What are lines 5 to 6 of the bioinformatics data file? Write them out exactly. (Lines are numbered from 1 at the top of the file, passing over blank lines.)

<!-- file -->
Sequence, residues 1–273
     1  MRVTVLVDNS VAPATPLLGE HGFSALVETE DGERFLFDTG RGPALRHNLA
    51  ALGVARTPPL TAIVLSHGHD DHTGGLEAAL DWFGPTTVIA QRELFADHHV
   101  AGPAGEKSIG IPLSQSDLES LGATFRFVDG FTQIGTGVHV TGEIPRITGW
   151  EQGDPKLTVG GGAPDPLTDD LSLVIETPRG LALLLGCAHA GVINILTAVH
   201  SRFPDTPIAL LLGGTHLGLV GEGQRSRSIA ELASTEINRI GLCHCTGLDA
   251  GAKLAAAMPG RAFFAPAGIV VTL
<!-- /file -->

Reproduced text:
   151  EQGDPKLTVG GGAPDPLTDD LSLVIETPRG LALLLGCAHA GVINILTAVH
   201  SRFPDTPIAL LLGGTHLGLV GEGQRSRSIA ELASTEINRI GLCHCTGLDA